A couple themes are emerging now that many of the largest U.S. banks have posted their quarterly results. Despite a favorable labor market, consumer credit quality appears to be deteriorating. Additionally, the U.S. Federal Reserve has increased short-term interest rates, but long-term yields remain stubbornly low, limiting banks' ability to expand their net interest margins (the spread between what banks earn on deposits and what they charge for loans). Banks continue to rely on cost cuts and modestly higher loan demand to drive profit growth.

Health stocks zigzag on executive orders

Shares of health insurers and hospitals slumped after President Trump signed a pair of executive orders to let insurers sell less-comprehensive health plans and discontinue monthly insurance subsidies. The federal payments, expected to cost $7 billion this year and $10 billion in 2018, help lower-income Americans afford health plans offered under the Affordable Care Act.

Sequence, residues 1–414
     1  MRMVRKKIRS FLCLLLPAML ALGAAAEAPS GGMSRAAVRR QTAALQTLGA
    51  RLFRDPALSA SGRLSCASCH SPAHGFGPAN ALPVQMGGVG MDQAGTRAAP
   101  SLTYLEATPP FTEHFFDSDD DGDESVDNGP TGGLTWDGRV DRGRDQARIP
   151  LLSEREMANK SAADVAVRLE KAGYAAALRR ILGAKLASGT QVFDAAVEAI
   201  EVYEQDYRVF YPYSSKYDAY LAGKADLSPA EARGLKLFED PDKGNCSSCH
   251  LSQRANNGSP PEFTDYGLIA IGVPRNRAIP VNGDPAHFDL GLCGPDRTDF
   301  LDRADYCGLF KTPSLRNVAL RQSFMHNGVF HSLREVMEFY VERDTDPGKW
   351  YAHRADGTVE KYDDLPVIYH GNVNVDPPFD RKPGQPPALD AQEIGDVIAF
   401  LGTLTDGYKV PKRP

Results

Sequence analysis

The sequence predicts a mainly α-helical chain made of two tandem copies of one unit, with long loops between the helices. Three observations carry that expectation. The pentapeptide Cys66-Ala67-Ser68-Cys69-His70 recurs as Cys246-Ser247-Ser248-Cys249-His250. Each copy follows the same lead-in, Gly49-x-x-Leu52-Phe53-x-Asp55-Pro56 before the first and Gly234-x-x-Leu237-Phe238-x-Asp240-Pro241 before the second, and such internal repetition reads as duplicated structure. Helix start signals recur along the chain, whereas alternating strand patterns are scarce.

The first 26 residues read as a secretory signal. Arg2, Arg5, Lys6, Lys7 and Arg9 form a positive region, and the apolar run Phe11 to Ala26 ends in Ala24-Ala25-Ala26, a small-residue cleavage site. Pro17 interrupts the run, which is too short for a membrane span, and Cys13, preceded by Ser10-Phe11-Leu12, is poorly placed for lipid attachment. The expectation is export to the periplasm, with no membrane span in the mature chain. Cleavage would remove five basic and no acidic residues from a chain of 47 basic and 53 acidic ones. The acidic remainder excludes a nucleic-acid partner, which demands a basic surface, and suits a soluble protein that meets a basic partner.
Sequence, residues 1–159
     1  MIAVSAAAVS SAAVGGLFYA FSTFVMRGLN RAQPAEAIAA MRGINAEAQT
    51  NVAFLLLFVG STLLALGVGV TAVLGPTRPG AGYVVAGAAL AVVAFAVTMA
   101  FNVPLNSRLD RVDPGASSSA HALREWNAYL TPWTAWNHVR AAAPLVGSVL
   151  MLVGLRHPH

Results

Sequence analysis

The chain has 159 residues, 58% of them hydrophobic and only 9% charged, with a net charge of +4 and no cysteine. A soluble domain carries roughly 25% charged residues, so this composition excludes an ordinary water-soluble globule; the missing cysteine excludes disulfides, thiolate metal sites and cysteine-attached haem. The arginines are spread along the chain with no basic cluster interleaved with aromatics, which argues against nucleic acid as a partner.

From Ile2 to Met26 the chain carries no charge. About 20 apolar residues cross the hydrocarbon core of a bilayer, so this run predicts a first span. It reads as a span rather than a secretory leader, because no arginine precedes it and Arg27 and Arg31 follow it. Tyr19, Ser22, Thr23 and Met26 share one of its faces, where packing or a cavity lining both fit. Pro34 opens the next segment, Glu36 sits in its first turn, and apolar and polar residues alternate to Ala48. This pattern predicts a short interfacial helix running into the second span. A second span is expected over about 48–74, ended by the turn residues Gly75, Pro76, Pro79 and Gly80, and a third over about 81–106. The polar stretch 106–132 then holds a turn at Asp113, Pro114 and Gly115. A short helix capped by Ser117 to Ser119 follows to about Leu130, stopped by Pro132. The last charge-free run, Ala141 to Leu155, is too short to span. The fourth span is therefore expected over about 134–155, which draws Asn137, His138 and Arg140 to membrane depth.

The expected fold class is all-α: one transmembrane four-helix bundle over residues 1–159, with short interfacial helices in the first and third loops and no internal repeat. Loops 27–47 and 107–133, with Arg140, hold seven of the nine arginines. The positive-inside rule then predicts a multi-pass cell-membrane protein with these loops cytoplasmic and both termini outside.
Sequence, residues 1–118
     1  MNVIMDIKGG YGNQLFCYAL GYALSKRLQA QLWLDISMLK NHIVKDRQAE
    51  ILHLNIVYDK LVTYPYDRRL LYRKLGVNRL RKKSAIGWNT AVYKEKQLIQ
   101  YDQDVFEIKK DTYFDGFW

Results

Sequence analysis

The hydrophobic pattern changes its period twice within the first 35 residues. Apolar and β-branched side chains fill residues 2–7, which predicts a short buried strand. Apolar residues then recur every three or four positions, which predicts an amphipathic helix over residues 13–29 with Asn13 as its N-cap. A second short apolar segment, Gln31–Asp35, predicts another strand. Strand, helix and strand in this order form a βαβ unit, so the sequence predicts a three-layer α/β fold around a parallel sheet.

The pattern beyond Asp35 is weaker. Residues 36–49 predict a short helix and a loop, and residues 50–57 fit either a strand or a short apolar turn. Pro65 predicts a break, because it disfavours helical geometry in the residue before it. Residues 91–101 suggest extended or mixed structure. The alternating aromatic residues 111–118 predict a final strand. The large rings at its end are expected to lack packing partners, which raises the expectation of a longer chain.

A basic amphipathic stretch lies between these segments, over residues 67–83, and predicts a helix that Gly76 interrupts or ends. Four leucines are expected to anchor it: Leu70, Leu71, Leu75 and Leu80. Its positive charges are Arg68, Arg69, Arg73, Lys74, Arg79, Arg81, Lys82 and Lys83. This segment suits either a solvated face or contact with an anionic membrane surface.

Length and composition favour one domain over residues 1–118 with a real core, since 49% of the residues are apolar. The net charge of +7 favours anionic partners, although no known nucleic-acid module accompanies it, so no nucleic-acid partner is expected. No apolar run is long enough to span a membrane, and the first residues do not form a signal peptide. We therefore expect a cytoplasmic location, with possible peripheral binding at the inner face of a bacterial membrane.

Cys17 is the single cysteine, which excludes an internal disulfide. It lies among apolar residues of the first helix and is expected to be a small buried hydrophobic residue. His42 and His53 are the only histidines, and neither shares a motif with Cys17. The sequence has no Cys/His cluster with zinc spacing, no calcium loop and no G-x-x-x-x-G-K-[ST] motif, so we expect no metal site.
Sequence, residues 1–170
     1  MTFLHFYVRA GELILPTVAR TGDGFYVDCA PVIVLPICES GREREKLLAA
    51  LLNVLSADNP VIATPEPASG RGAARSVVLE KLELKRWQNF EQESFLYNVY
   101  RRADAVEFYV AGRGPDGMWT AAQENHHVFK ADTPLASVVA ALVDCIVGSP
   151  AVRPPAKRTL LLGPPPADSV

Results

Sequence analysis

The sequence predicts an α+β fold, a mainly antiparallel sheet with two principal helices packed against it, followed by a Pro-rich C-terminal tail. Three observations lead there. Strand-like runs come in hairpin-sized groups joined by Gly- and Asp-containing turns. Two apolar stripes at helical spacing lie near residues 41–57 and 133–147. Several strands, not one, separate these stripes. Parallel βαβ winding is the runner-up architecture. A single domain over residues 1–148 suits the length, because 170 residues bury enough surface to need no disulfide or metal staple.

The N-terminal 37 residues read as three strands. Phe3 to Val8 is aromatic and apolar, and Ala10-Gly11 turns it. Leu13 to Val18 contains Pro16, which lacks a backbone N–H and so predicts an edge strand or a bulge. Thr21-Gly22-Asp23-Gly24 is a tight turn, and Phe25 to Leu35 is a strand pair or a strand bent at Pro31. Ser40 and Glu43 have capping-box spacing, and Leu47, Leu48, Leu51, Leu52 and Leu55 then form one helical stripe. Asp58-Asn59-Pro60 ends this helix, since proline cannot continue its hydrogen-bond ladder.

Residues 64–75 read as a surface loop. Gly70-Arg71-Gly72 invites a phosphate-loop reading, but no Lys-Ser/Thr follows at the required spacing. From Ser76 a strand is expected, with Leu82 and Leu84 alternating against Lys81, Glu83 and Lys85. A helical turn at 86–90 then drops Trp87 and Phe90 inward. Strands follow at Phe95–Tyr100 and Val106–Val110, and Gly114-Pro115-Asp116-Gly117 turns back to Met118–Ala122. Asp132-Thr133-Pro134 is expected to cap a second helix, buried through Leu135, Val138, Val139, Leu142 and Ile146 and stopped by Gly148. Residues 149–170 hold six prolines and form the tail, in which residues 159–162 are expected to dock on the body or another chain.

More than 80% of people with ACA insurance receive subsidies. So far, 18 states have filed lawsuits to block Trump's move. In the days since Trump's executive order, two U.S. senators proposed a bipartisan bill that would continue the insurance subsidies for two more years, while allowing states to offer a broader menu of health plans.

Many of the stocks, including Centene ($94; CNC), have recovered most of the ground initially lost on Trump's announcement. An analyst at Morgan Stanley ($50; MS) estimates that ACA exchanges represent 8% of Centene's business, and of that amount just 60% of customers receive the subsidies. Centene CEO Michael Neidorff said the company had raised premiums for 2018 in anticipation that the subsidies would end. "We see it having a minimal impact, if any," Neidorff told The Wall Street Journal. His comments were echoed by several other insurers. Centene is a Focus List Buy and a Long-Term Buy. Morgan Stanley is rated A (above average).